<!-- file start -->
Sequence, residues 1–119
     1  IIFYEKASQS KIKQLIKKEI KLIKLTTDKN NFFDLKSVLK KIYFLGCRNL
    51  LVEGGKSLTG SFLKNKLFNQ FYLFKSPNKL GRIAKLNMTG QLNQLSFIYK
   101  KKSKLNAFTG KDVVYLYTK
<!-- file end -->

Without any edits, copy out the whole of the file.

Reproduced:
Sequence, residues 1–119
     1  IIFYEKASQS KIKQLIKKEI KLIKLTTDKN NFFDLKSVLK KIYFLGCRNL
    51  LVEGGKSLTG SFLKNKLFNQ FYLFKSPNKL GRIAKLNMTG QLNQLSFIYK
   101  KKSKLNAFTG KDVVYLYTK